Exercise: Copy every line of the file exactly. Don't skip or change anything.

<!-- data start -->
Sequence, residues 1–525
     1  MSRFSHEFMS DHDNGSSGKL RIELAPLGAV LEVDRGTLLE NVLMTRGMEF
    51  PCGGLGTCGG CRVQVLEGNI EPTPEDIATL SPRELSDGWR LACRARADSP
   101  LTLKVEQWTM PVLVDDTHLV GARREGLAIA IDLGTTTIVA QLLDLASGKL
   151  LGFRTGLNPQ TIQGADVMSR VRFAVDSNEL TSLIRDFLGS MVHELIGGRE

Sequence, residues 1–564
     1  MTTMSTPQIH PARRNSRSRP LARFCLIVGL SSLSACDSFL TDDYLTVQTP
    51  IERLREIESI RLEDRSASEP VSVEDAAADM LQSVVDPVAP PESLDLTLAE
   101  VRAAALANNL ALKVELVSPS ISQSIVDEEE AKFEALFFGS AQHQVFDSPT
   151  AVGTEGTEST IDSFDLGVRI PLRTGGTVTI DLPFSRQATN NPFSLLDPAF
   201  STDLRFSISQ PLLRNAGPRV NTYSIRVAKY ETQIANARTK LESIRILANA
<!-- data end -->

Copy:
Sequence, residues 1–525
     1  MSRFSHEFMS DHDNGSSGKL RIELAPLGAV LEVDRGTLLE NVLMTRGMEF
    51  PCGGLGTCGG CRVQVLEGNI EPTPEDIATL SPRELSDGWR LACRARADSP
   101  LTLKVEQWTM PVLVDDTHLV GARREGLAIA IDLGTTTIVA QLLDLASGKL
   151  LGFRTGLNPQ TIQGADVMSR VRFAVDSNEL TSLIRDFLGS MVHELIGGRE

Sequence, residues 1–564
     1  MTTMSTPQIH PARRNSRSRP LARFCLIVGL SSLSACDSFL TDDYLTVQTP
    51  IERLREIESI RLEDRSASEP VSVEDAAADM LQSVVDPVAP PESLDLTLAE
   101  VRAAALANNL ALKVELVSPS ISQSIVDEEE AKFEALFFGS AQHQVFDSPT
   151  AVGTEGTEST IDSFDLGVRI PLRTGGTVTI DLPFSRQATN NPFSLLDPAF
   201  STDLRFSISQ PLLRNAGPRV NTYSIRVAKY ETQIANARTK LESIRILANA